Stratified medicine in a dish using human induced pluripotent stem cells

Last week at the World Stem Cells & Regenerative Medicine Congress, Ludovic Vallier, Senior Non-Clinical MRC Fellow at University of Cambridge hIPS cells.

Ludovic’s group uses Yamanaka-method IPS cells as a platform for the production of a range of specialist tissues. The key idea is that such cells may be valuable tools for the testing of medicinal products for specific patient groups. In short, that the cells may be used in the development of stratified medicines.

Ludovic’s team is working to derive human IPS cells in high throughput conditions. It has demonstrated how derivation is becoming increasingly efficient.  Working with the Sanger Institute, the group has sought to ensure that genomic integrity is maintained. A panel of 20 IPS cell lines, deriving from patients with different ages, sex and indications, has been created.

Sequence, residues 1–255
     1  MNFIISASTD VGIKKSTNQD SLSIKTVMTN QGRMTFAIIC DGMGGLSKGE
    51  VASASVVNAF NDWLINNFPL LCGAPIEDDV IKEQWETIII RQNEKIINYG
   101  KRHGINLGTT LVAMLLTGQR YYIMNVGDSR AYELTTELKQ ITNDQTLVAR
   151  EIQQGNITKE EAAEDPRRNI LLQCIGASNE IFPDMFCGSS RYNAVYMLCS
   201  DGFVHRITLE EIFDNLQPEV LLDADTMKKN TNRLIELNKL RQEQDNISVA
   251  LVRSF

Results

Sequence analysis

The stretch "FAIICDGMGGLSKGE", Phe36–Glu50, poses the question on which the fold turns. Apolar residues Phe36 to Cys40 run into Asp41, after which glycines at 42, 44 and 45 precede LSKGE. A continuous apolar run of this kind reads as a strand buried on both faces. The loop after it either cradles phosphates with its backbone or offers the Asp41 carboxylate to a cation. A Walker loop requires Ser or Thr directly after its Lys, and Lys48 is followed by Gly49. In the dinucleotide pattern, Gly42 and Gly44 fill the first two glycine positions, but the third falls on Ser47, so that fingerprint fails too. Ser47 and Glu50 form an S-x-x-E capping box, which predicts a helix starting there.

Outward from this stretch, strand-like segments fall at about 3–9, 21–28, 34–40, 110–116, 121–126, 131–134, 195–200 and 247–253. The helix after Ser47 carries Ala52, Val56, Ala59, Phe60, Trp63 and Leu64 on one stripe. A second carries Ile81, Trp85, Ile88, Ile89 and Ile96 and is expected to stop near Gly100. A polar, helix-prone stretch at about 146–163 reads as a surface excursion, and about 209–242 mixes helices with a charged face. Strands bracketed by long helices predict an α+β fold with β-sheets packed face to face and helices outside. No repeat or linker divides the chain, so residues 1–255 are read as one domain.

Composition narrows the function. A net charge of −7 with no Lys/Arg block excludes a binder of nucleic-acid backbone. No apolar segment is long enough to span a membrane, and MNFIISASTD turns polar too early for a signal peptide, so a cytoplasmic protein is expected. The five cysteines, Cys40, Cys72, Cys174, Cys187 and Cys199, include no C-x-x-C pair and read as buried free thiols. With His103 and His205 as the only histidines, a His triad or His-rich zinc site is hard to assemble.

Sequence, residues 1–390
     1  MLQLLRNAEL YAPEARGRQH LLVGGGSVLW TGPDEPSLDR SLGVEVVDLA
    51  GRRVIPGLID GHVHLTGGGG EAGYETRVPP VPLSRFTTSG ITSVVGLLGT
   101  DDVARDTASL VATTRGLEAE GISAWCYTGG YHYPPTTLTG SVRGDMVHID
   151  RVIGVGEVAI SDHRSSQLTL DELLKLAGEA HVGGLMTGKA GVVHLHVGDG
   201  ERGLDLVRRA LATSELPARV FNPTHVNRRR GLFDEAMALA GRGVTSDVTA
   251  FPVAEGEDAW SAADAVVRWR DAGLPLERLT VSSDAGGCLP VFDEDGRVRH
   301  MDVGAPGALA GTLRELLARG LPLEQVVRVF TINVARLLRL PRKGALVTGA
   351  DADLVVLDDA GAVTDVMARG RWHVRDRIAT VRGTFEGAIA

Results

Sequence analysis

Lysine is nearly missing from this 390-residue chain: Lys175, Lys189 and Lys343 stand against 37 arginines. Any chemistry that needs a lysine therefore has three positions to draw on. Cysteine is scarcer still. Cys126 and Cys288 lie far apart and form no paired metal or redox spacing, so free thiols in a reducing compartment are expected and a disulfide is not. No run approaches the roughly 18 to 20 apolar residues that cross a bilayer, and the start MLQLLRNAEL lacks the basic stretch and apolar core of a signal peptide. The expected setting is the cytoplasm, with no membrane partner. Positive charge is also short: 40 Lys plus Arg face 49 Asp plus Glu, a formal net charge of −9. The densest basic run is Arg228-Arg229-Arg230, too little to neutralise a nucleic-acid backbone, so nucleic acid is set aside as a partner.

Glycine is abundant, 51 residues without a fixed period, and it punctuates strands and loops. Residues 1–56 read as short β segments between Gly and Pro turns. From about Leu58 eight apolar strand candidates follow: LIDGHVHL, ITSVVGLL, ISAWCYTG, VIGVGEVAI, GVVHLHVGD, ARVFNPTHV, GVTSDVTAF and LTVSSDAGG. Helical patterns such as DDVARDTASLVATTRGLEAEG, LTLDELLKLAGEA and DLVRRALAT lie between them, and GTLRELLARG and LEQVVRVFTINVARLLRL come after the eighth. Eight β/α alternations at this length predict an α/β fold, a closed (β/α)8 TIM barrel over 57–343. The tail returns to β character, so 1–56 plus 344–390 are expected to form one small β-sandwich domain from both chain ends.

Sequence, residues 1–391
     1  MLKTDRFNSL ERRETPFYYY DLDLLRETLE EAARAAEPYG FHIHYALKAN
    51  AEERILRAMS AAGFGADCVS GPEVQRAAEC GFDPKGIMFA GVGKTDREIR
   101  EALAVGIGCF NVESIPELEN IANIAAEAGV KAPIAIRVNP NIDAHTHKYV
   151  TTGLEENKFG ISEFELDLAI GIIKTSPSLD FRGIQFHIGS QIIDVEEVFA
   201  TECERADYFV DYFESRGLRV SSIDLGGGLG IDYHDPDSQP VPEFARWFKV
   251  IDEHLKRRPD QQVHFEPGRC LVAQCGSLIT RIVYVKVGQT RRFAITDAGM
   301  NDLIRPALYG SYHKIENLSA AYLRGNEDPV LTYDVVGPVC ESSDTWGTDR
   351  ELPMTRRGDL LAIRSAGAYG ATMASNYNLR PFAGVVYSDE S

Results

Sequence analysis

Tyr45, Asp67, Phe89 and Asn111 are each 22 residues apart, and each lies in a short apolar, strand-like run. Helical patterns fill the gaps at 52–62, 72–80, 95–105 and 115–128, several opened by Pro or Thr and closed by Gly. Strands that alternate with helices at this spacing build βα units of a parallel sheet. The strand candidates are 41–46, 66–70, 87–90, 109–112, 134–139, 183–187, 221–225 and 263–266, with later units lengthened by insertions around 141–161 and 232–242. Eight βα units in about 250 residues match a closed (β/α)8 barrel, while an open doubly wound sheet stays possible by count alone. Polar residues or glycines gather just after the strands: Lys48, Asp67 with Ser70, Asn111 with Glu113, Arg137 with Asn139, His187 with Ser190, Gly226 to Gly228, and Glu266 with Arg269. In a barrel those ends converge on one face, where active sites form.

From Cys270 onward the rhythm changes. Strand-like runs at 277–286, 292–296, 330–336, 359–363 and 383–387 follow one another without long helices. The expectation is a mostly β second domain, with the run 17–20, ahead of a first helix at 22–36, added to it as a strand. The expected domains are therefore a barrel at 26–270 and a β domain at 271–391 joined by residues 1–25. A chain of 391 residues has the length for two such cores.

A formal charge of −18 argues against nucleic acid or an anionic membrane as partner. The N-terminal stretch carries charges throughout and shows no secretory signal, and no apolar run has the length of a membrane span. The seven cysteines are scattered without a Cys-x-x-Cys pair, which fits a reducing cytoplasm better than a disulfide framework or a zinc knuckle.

The type of cell types that can be generated, are impressive:  pancreas, ventral foregut into lung cells,- in each case characterised by key markers.  Similarly, having derived “gut spheroids” from hind gut endoderm, such spheroids may be further matured.  And, of course, hepatocyte-like cells from human IPS cells.  The functional characteristics of these human IPS cell derived liver cells have close functional equivalence to natural occurring hepatocytes.  However, significantly, it is clear that there is significant variability between different lines.  Most of these differences appear to be of genetic, as opposed to sex, age/epigenetic, origin.  Plainly, this is a significant insight for those with an interest in the development of stratified medicines, opening up the real prospect of valuable research tools,- for example, using a well plate approach to predictive toxicology.

It was very apparent that large scale hIPSC derivation is highly feasible, with a wide diversity of endoderm cells being generated in vitro. Importantly, artificial DE derivatives appear similar to their natural counterparts, a feature which suggests promise in the realm of regenerative medicine as well as drug testing.  Ludovic Vallier, Marcus Yeo and Roger Pedersen have recently founded a Cambridge spin-out company, Definigen to exploit these technologies.

Check back here in a couple of days for the full presentation.

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